If you think about GMO, Gmailwas a solved this. You know, emails, a solved problem. No, it wasn't right. And so what we found where the problems in there? We didn't ask customers, Hey, you want a new email platform?Right, the chrome book was solving a problem. So so it's about identifyinga problem and sometimes your customer doesn't know what the problem doesn't mean you sureand ask him. Doesn't mean sure and talk to him. I'm just sayingthat you got to go beyond that the single most important thing you can dotoday is to create and deliver a better experience for your customers. Learn howsales, marketing and customer success experts create internal alignment, achieved desired outcomes andexceed customer expectations in a personal and human way. This is the customer experiencepodcast. Here's your host, Ethan Butte. Hey, I am so glad you'rewith us on this episode of the customer experience podcast. I know you'regoing to be glad you're here to today we're talking about education, technology,innovation, generation Z and a whole lot more. Today's guest spent several yearsat accenture and Charles Schwab before joining Google, where he's been for more than adozen years now. As the education evangelist, he helps launch g suiteand Google APPs into schools and universities. He believes that education and technology candisrupt poverty and transform lives. Jamie cassup, welcome to the customer experience podcast.Thank you very much. That's one of the best introductions I've ever heard. That great, you know. So we're all in the right place,so good. Hey, I have a bunch of questions that I know you'regoing to enjoy thinking about and talking about, but I'm going to start here whereI start with every guest, which is your thoughts or your definition orcharacteristics. When I see customer experience. What comes to mind to you?Yeah, I think it's funny that you mentioned that, because I just hadone of these. It's a delight. It's it's like your you feel greatabout the interaction. Right. So this idea of having this interaction, andI don't know if I can share the story. You can edit this outmaybe if it's not appropriate, but I had one of these interactions with polarpro you know. As you know, I'm shooting these youtube videos and Ibought these filters and I lost one of the caps for these really nice filters, and so I email polar pro and I said, Hey, I lostyou know where can I order another one? I need another cap for my formy nd filter, and I like hey, we got a bunch ofthe office. Don't worry about it, will just send you one right.No, no charger shipping, no, nothing like that kind of experience ishow I define really good customer experience. It's this idea of having a positiveexperience and they send me one and it's great and you know, and Icouldn't be more delighted and I get to share those stories, right, andthat's the whole point of having a good customer experiences, that you get toshare those stories with other people. Yes, who it's there? I hear kindof two themes. One is kind of this frictionless thing, like Oh, that was easy ezier than I expected. And then too, is that Ihave a friend or and advocate over there. They just happen to sellfilters and other related products. But it's this, we're in this with you. It's a relationship so good. So you've so much great content available online. So if anyone wants to see keynotes or a tedx talk or Jamie's YouTubechannel. Just Google Jamie CASS UP, jaim E ce a sap. Wemight get into some of those teams. I highly recommend any of the keynotes. That said that, several of the people he spoken for of put upthere. So we may not get deep into those teams. But I dowant to start with this kind of competitive landscape situation. What are you inGoogle doing in education? That a kind of frustrates Microsoft and apple and bewas maybe thought not to be able to be done. But five years ago, like you guys can't do that. Like what are you doing? Sofor folks who are listening, just some context, like what are you doingin the education space with Google? Yeah, and this is going to part ofthis is going to sound like a corny answer or some kind of corporateanswer, but it's absolutely true. I've...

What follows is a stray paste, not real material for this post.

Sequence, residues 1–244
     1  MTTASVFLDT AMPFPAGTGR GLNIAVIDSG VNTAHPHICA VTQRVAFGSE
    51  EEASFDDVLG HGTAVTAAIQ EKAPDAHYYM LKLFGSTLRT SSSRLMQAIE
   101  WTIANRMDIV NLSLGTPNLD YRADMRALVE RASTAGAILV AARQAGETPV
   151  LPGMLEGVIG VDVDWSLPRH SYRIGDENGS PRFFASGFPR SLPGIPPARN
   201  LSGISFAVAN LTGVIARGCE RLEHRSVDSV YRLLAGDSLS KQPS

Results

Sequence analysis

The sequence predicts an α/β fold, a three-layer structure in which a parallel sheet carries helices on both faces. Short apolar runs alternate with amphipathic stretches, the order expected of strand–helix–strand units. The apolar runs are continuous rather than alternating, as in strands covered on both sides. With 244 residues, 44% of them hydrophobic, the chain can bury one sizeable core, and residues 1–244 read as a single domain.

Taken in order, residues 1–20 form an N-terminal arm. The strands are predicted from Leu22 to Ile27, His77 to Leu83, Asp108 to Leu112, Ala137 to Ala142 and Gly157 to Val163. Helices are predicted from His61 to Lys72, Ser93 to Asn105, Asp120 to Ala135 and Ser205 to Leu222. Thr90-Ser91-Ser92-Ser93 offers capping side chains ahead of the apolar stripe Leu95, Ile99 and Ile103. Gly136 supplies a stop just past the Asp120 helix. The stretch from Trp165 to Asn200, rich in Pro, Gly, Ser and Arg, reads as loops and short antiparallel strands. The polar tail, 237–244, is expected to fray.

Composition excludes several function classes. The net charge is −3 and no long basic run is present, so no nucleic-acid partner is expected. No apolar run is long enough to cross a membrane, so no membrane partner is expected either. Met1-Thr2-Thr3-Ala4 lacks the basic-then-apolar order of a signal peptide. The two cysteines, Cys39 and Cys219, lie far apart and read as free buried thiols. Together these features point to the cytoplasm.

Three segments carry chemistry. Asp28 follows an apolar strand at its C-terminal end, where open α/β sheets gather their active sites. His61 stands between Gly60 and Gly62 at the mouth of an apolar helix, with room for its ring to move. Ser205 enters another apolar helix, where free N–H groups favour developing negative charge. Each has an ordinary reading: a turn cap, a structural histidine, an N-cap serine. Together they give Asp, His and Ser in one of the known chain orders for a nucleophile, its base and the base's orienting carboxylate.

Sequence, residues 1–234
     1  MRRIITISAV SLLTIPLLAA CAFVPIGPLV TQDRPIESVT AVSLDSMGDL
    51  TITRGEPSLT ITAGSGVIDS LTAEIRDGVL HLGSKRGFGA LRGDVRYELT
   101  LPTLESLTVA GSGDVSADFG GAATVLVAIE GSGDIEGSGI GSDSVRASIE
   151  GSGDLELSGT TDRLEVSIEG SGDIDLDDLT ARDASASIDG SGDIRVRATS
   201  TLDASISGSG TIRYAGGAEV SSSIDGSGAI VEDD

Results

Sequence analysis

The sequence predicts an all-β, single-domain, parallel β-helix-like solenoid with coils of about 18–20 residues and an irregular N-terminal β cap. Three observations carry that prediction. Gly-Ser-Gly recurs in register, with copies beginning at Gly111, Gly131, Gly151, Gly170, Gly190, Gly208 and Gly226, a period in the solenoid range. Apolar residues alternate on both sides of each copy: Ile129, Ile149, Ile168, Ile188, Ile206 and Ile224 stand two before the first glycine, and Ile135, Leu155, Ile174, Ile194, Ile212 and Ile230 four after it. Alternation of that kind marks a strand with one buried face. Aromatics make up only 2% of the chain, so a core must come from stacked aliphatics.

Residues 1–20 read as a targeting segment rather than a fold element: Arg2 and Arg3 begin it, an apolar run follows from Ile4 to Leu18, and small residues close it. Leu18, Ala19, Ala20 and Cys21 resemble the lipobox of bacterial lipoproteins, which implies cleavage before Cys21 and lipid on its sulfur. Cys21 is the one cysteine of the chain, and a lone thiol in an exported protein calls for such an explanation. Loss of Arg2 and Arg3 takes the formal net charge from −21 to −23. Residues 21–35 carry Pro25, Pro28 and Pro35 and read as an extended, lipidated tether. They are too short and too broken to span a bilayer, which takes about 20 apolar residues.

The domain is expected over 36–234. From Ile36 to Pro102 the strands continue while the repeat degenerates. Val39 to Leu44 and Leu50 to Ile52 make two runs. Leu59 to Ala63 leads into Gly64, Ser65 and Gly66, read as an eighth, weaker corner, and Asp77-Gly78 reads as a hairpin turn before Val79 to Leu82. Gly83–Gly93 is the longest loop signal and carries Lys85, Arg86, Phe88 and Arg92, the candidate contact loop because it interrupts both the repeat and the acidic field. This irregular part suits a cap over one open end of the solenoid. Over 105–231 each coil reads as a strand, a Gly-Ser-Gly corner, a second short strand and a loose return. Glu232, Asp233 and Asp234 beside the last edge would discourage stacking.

...going to go over thirteen years.I have no idea what apple and Microsoft are doing. I could, Idon't care what they're doing. That's not what I focus on and this isa sounds like one of those answers, but it's absolutely true. All Icare about our our users, right. All I care about the users thatare using up our tools and being able to provide them the best experience andalso to be able to take their ideas and take the experiences that they're havingand use that to build whatever is that we're building. So that's the mindsetthat we have, that's the mindset my team has. And Look, Microsoftproducts are great, apple products are great. I haven't you know, I havean IPAD, I have lots of different types of tools. It's aboutfinding the right tool for the right job. But what we focus on is beingable to provide our users, and that's always a bad word into technologystakes, are customers, if you will, the best experience that they can have. And so when we launched Google APPS for education, it was thisfirst. It was this tool for universities, because lots of people and lots ofuniversities weren't giving their customers, their students, a good experience, andthis was a way for them, for the universities, to give them agood experience. And so that's why Google APPs, that we now d callyou, not called G suite, took off and did really well. Butthe thing I think that people thought we would never be able to do well, and is with the release of chrome books, the right they I thinkpeople thought that chrome books weren't going to be very successful or people would say, Hey, what are you doing? I don't understand what why are yougetting into this? And again, if you think about what a chrome bookcan do in education, it has two really good benefits. Number one isit gives the individual good experience. Right, they bowed up. In a coupleseconds, they're up and running. The battery last all day. Youknow, you have a simple experience. It's great. But the real benefitis for the administrators. And I used to have this joke that when Idid these chrome book presentations, I used to say the day I dread themost out of any day of the year, the day I wish I could work, is December twenty five. And you get that puzzle. Look asto the summer twenty five. I'm like yes, because that's the day myinlaws get their new technology that I now have to implement. And If tocolleges, educated people can't do this, can't implement technology. What is itlike for an organization has a thousand people, tenzero people, Hundredzero people, andwith the chrome book was able to do for those customers is be ableto give them the tools that they needed to be able to launch a largenumber of devices and manage those devices, and I think that's why the chromebooks have been successful. And so I think that we are in the educationspace because we build really cool tools and we have really cool platforms that canbe used in education, and that's what we're doing. So in the twolayers there you have this students, has customers, and you already listed afew very specific benefits of the chrome book there. But then, of course, did the decisionmaker or the buyer in this scenario is the administrator, andso you're providing easy implementation and back end reporting in these kinds of things forthem. Yeah, no, it's more about like so when a student takethat chrome book, that that administrator can control that chrome book? Can thisdetermine what website says? Student can see there's no chance of virus is gettingon these devices. So so when when they when you do a take homeprogram, for example a Oneto one, take your machines home, you're notworried about all these other machines coming back and drop in a bunch of virusesand bugs into your system because you've basically extended the cool the school system towherever those students are, because when they're using that device it's like they're usingthem at school. It's not like they're even if they connect through their homenetwork, they're still going through the through the setup that you have for them. So it's you're still responsible for love it. Going to the going backto the you know, let's say,...